Pneumoniacheck: a device for sampling lower airway aerosols
Scholz, Tamera Lee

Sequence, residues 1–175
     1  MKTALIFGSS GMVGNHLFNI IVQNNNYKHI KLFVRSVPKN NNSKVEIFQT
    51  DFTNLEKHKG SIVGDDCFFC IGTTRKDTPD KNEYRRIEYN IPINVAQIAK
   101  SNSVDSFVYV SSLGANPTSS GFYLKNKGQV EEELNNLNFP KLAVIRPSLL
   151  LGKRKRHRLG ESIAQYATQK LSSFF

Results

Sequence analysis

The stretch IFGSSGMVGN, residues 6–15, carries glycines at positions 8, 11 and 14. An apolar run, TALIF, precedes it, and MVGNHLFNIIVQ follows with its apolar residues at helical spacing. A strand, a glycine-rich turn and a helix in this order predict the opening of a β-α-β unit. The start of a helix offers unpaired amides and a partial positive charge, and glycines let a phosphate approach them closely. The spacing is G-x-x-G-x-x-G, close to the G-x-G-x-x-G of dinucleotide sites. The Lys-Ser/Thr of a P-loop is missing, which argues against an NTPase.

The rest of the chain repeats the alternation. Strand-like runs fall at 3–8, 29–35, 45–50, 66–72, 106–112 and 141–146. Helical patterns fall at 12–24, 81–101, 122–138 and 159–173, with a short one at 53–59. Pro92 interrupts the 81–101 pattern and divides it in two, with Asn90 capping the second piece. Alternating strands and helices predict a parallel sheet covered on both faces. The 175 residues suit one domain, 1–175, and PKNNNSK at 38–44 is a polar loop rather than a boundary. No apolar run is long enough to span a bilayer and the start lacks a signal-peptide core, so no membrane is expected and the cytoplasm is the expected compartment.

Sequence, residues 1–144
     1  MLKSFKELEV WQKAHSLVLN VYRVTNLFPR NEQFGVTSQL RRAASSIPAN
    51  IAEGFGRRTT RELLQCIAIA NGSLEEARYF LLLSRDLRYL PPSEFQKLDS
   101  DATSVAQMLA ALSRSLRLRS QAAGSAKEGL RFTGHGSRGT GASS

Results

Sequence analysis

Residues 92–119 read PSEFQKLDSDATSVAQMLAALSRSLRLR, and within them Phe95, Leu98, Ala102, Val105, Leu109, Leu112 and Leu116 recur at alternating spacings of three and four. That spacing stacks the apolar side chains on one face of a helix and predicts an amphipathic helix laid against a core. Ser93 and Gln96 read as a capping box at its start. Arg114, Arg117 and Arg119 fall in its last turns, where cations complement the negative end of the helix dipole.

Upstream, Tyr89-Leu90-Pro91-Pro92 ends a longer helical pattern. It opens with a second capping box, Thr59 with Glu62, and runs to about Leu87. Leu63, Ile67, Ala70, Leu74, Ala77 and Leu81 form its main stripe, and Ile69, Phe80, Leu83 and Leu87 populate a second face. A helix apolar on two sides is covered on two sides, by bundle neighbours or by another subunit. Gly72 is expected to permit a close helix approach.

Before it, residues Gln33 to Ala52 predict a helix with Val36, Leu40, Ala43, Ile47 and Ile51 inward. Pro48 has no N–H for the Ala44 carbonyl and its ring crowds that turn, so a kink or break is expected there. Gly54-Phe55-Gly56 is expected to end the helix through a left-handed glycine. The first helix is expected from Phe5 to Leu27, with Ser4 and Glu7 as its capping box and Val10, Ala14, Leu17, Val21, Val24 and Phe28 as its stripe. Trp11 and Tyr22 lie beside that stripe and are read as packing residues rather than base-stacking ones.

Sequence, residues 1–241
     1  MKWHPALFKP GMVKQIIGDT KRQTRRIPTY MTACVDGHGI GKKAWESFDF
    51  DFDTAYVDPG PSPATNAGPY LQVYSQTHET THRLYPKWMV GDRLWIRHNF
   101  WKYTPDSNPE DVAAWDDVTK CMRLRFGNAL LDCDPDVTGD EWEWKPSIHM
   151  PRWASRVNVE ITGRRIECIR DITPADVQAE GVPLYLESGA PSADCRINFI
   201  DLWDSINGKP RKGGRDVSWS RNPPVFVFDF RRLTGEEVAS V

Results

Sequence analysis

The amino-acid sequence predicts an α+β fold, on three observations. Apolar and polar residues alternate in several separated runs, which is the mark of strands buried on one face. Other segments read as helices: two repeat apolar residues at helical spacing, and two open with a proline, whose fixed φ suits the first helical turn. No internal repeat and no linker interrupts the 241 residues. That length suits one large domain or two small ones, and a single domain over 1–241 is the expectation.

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The pathogens causing pneumonia are difficult to identify because a high quality specimen from the lower lung is difficult to obtain. A specimen collection device, named the PneumoniaCheck, was previously designed to collect aerosol specimens selectively from the lower lung generated during deep coughing to aid in the diagnosis of specific pathogens causing pneumonia. The device also includes several specially designed features to exclude oral contaminants from the sample, and a filter to collect the aerosolized pathogens. The objective of this thesis is to develop tests to verify the functionality of the device, called the Design Inputs. Nine verification tests were performed to demonstrate the ability to collect lower airway aerosols separate from upper airway aerosols, successful exclusion of oral contents, and capture of pathogens in the filter. Further, the PneumoniaCheck was tested for proper sampling of the lower airway aerosols during deep cough at a very low volumetric flow rate to simulate patients with severe restrictive lung disease and with mal-positioning to simulate incorrect patient placement. Verification testing of the PneumoniaCheck demonstrates effective separation of upper airway gas from the lower airway gas (p<0.0001) and exclusion of both liquid and viscous oral material (p<0.0001) from the collection chamber. Testing also demonstrated the selective sampling of the lower airway, even during low volumetric flow rates or incorrect positioning of the device. The complex shape of the PneumoniaCheck presents a manufacturing challenge. Making the device from a solid and then drilling out the tubes would be difficult because the outer channels do not align with the inner channel. Rapid prototyping, vacuum molding, and injection molding are all manufacturing options. Rapid prototyping is slow, and usually only economic for small numbers of parts. For vacuum molding or injection molding, the PneumoniaCheck would need to be cut in half and molded, and then the halves connected with fasteners, glued, or welded. Vacuum molding is inexpensive, but there would be a lip at the connection that may be uncomfortable for patients. If the lip is on the inside of the device, it may interrupt air flow through the device. Injection molding is inexpensive and fast. The PneumoniaCheck could be injection molded in halves, and then glued or sonically welded together. Injection molding would be an efficient and economical way to manufacture the device. Verification tests were developed and performed, and the results demonstrate that the PneumoniaCheck successfully collects lower airway aerosols separate from upper airway aerosols, excludes oral contents, and captures pathogens in the filter, even during non-ideal conditions. After considering three different manufacturing options, injection molding was recommended for the device.